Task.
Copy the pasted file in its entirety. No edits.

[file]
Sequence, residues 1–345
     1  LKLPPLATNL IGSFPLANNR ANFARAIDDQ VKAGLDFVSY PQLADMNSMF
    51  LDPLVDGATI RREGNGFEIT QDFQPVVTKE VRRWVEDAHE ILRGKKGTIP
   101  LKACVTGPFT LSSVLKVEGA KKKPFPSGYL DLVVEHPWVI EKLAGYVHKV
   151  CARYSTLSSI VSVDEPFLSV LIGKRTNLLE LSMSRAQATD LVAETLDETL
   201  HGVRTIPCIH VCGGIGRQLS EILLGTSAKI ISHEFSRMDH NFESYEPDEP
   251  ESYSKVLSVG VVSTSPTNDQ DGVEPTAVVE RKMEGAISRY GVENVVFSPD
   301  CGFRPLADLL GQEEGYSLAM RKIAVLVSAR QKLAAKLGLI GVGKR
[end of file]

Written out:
Sequence, residues 1–345
     1  LKLPPLATNL IGSFPLANNR ANFARAIDDQ VKAGLDFVSY PQLADMNSMF
    51  LDPLVDGATI RREGNGFEIT QDFQPVVTKE VRRWVEDAHE ILRGKKGTIP
   101  LKACVTGPFT LSSVLKVEGA KKKPFPSGYL DLVVEHPWVI EKLAGYVHKV
   151  CARYSTLSSI VSVDEPFLSV LIGKRTNLLE LSMSRAQATD LVAETLDETL
   201  HGVRTIPCIH VCGGIGRQLS EILLGTSAKI ISHEFSRMDH NFESYEPDEP
   251  ESYSKVLSVG VVSTSPTNDQ DGVEPTAVVE RKMEGAISRY GVENVVFSPD
   301  CGFRPLADLL GQEEGYSLAM RKIAVLVSAR QKLAAKLGLI GVGKR